The Transformed And Transforming Image In The Shift From Print To Digital Culture






  • This paper investigates issues germane to “reading” images in a digital medium by considering both visual language as it is constrained by hardware and software, and visual culture as it is changed by a medium that pushes us towards a thought idiom that embodies multiplicity and simultaneity.

    Images in and of a culture reflect our cultural understandings of ourselves. Images in any culture are constantly changing, and as they change, they transform the culture. Likewise, as a culture undergoes change, the images of the culture are transformed. In this way, image and how we read images are both the trace element of and a visual wake following the shifts in our collective understandings. Image operates both as an integral part of an organic, changing energy system that generates momentum towards a culture shift and as a footprint that references visual metaphors in describing a cultural shift that is taking—or has taken—place.

    To understand the transformed and transforming nature of images in culture, we must first understand the components of the image, particularly the compositional or visual language and the cultural context of the image. What sits between the visual language and the cultural context of the image is the medium in which the image appears. It is not that the medium is the message as Marshall McLuhan has suggested; rather the medium creates both a cultural context and a medium-particular visual language, contributing significantly to the meaning we “read” from an image.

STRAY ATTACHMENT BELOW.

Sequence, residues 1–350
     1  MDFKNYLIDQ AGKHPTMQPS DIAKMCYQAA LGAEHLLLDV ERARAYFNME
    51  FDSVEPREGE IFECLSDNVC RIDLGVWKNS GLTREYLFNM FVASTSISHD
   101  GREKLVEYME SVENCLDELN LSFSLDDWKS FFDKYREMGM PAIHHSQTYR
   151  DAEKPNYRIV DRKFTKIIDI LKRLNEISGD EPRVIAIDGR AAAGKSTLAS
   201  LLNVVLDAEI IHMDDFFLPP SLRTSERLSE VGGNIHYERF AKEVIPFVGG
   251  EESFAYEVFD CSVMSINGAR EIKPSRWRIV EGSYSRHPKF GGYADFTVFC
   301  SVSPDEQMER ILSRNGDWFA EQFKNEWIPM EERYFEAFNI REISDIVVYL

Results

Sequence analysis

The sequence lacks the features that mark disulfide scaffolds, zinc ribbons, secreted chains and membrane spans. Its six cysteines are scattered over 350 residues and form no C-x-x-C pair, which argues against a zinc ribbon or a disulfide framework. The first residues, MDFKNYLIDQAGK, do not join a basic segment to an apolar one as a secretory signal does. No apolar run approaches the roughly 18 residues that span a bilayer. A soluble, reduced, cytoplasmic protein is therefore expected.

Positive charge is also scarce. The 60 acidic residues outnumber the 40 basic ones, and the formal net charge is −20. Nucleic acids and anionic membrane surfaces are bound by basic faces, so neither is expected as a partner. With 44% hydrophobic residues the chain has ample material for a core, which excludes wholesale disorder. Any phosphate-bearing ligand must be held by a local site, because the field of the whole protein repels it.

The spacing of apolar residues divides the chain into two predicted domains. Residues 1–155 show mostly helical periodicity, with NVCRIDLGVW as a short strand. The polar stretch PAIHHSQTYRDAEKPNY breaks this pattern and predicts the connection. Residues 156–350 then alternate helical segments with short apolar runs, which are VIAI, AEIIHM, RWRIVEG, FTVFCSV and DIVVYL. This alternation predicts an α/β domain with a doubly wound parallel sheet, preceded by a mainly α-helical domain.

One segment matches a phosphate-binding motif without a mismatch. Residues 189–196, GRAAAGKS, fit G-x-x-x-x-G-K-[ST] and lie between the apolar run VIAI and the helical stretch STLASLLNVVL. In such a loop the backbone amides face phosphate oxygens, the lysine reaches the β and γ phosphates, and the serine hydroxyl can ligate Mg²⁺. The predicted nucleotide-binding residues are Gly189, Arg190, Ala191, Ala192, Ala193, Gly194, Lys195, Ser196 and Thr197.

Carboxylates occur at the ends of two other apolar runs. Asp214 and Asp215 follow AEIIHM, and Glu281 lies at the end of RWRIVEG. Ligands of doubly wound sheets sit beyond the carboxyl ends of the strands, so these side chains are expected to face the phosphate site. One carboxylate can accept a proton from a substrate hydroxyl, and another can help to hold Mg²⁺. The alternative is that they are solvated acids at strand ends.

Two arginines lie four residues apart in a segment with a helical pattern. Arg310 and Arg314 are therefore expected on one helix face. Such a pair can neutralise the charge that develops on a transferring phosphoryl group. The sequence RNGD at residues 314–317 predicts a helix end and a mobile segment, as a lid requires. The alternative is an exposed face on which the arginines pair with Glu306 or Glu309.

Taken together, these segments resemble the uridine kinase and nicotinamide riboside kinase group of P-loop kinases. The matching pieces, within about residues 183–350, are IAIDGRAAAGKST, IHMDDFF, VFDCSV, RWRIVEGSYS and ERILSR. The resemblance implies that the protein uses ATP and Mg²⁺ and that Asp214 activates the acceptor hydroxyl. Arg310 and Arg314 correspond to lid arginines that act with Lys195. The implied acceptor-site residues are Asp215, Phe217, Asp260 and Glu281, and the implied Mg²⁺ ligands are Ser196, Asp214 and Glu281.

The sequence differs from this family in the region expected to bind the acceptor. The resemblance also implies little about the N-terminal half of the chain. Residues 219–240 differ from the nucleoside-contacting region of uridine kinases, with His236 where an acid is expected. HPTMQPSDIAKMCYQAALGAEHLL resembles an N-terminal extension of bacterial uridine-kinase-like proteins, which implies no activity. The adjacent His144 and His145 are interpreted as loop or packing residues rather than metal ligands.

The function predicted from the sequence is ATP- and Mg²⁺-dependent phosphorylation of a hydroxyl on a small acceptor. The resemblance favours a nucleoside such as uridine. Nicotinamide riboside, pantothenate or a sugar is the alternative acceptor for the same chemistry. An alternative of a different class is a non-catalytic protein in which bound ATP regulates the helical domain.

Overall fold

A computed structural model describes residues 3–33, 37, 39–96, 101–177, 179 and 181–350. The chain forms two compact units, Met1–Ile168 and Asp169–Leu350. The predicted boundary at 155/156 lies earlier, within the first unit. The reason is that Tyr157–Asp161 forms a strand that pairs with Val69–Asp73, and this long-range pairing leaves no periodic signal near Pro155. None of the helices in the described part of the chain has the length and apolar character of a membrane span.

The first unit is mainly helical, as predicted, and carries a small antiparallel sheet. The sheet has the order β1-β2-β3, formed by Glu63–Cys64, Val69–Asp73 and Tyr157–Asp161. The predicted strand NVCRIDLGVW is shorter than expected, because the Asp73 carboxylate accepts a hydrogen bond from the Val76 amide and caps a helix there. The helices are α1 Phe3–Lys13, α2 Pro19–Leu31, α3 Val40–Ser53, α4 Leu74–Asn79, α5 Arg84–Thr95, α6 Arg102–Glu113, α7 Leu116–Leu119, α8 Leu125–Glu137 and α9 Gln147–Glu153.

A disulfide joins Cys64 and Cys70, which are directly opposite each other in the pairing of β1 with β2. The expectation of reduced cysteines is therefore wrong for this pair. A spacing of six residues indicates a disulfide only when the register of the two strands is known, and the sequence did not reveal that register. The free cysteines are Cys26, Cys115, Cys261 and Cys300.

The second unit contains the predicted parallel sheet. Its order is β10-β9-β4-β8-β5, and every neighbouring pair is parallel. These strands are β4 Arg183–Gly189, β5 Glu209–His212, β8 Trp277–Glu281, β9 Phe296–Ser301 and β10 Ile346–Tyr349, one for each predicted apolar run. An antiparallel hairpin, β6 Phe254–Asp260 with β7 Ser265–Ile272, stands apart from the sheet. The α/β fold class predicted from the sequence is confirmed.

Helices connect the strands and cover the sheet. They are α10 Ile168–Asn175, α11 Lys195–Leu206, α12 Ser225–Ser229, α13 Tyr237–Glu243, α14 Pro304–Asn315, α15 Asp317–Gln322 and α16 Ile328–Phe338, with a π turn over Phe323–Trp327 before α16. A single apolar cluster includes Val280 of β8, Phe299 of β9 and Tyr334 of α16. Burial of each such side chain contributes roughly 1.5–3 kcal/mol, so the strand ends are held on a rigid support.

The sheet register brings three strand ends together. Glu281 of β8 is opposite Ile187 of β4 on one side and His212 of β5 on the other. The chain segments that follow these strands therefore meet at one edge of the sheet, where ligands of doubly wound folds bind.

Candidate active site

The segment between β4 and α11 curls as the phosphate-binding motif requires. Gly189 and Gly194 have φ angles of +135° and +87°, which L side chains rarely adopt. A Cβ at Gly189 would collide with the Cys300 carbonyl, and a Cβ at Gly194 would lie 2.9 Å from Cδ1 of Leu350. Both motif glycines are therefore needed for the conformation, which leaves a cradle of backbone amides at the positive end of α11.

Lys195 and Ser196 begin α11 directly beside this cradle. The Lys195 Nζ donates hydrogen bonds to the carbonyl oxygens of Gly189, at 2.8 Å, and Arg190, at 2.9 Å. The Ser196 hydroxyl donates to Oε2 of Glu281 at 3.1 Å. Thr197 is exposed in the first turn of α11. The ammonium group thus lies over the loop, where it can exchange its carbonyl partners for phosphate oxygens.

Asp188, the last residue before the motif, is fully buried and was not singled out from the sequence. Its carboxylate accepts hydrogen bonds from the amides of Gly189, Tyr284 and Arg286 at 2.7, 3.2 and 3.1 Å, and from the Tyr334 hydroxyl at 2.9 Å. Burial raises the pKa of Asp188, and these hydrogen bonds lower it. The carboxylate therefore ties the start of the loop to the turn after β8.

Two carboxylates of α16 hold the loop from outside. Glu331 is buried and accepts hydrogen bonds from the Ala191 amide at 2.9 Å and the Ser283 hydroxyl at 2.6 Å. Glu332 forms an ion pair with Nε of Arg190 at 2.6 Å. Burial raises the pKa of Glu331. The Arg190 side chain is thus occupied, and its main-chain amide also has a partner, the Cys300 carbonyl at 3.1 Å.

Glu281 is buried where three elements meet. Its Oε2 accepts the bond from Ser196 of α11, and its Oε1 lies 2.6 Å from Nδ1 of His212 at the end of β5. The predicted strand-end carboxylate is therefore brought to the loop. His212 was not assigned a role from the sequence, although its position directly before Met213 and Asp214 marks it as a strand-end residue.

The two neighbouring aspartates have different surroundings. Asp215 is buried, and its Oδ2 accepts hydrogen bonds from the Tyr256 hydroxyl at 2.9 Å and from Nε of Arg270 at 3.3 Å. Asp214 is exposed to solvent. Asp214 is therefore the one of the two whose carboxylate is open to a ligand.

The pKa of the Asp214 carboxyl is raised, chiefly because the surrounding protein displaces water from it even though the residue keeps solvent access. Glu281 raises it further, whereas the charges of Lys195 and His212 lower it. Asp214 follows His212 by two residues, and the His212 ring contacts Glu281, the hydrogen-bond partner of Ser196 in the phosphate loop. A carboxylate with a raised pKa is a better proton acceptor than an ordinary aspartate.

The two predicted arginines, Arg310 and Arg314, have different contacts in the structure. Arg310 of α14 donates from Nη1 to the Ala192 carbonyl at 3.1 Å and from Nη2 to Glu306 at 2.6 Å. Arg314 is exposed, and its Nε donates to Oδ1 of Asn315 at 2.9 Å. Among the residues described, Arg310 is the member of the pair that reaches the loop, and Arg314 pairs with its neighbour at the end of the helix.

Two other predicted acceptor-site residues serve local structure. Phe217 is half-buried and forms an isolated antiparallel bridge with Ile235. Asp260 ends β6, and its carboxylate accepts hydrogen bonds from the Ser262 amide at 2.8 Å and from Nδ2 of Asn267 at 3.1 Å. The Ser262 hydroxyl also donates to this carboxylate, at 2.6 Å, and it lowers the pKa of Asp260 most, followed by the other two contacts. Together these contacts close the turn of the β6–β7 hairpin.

Medium in a larger sense designates the boundaries of our collective understandings – our epistemology – in the ways in which it is integral to both how we “read” the cultural context and visual language of the text and how that constructed “reading” defines our thought idiom. Just as the medium in a fine arts context creates a medium-specific visual grammar and a cultural context from which the artist is able to shape an image from his or her own inner vision or knowing, so too does medium in the larger sense define what kinds of “pictures” we collectively create to understand or know the world. In this way, the digital medium is much more than a new tool or toy used by visual artists. Rather, this paper argues that our tentative steps towards using this new medium represent a shift as significant as the move from oral culture to print culture — that we are in the midst of a shift from print culture to digital culture.

    Through a comparison of images based on Manet’s Luncheon on the Grass and the Mona Lisa, this paper lays a foundation for similar comparisons of hypertexts which use visual images. By looking at the characteristics of digital visual language and cultural context and noting the similarities and differences between them and the more familiar print culture visual language and cultural contexts, this paper considers issues germane to reading images in the digital medium.